By Tofuro Futsukaichi and Kei. Released in Japan as “Gendai Shakai de Otome Game no Akuyaku Reijou wo Suru no wa Chotto Taihen” by Overlap Novels. Released in North America by Airship. Translated by Emma Schumacker. Adapted by Jack Hamm.
I want to be more mad at this series than I am. It’s ludicrously pro-capitalism and pro-cop. Our heroine builds gated communities for people in the previous book, then in this one seems to be absolutely shocked that racism exists in the United States. The bulk of the middle third of this volume involves her trying to prevent 9/11 from happening. She fails. But then you also see that 9/11 has been enhanced by a deadly nuclear train almost wiping out Denver, and you think to yourself, “Wasn’t that the movie Atomic Train?”, and you realize that the author really does not have a hidden message or meaning to this book at all. It’s not trying to use its heroine to show you that right-wing politics is good, actually. It’s an author playing with toys, and when there’s a section of the plot where, say, you can work in a Tom Clancy book’s plot, in it goes. It’s hard to get mad at a Tinkertoy novel.
Even the author admits that this volume’s “plot” is scattered. It’s basically events that happen before and after Runa’s 10th birthday. This includes the aforementioned 9/11, which happens DURING Runa’s birthday party. We get school adventures, like Runa doing sports and club activities, and also a mountain climb and a trip to Kyoto. We also get more of Runa being the hidden power behind most of Japan, and start to see the beginnings of a rift between her and Prime Minister Koizumi. But other people are finally beginning to realize that this little girl has her fingers in a LOT of pies, and they’re trying to stop her. Not necessarily for reasons of “I want to control what she has”, but also for upright reasons like “this 10-year-old girl is killing herself trying to do everything”. How much longer can Runa get away with this?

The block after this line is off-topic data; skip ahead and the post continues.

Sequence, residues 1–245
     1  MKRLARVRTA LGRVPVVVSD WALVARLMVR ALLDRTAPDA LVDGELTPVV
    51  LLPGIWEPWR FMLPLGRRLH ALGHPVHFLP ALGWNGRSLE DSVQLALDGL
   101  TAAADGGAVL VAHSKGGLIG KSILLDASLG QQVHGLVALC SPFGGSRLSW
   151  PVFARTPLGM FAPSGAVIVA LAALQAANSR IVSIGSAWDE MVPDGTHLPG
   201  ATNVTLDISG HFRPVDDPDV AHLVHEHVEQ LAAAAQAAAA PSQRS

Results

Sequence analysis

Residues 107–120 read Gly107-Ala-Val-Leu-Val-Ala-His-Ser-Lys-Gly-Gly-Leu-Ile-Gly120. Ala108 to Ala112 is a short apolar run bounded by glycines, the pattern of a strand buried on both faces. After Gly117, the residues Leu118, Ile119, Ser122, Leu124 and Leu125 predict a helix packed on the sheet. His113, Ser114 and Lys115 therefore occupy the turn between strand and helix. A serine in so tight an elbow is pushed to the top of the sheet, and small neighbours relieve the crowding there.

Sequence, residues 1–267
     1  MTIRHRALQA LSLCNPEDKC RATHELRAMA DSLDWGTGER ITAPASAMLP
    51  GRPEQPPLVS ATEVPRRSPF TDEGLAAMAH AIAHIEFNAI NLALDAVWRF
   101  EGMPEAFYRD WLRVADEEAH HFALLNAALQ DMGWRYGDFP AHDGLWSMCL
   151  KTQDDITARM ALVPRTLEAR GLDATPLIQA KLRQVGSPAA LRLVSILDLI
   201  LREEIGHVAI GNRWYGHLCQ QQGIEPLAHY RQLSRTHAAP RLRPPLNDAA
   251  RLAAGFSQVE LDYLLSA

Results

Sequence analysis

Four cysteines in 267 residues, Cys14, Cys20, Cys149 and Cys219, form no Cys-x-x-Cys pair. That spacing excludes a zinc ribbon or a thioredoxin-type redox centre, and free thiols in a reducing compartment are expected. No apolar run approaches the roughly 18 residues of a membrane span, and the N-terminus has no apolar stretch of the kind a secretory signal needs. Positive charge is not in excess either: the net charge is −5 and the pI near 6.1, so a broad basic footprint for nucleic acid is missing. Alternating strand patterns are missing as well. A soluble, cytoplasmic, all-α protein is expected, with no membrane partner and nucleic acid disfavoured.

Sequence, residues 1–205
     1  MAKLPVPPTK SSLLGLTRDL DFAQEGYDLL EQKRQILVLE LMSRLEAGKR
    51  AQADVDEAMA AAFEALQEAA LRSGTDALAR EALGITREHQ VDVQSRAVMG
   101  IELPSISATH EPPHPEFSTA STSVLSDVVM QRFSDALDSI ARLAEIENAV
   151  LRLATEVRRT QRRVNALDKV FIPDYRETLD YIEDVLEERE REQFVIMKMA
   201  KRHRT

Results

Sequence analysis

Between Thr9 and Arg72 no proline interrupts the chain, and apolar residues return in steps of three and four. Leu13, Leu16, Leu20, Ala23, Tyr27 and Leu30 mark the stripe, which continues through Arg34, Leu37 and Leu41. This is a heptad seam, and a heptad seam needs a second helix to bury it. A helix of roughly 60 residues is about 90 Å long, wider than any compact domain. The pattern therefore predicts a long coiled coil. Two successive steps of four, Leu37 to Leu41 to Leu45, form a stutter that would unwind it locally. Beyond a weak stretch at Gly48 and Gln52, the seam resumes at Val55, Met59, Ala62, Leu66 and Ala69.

I was very amused at the new character in this book, a “high roller” type who, like most of the capable people in this world, ends up becoming one of Runa’s employees. Unlike the rest of her staff, who likely realize something is wrong but don’t say anything out of politeness, he straight up asks Runa how the hell she is doing this. Runa still has not quite admitted “I’ve been reincarnated into an otome game”, but there’s just no way to accept any of her decisions without thinking that she has supernatural powers. Hell, her friend Hotaru has them, why not Runa? As for Runa herself, I think the book’s weak point remains her “villainess” part of it. She seems torn to the point of tears about whether she can change her fate, but she’s not trying to make herself a better person, she’s just trying to make sure her financial empire is not ruined. She’s still sort of evil. Work on that.
I don’t really recommend this series to anyone but economics majors, but I still find it rather fascinating in a morbid way. The webnovel version of this has 11+ books of material, but the 4th volume is the latest published in Japan, so we’re mostly caught up.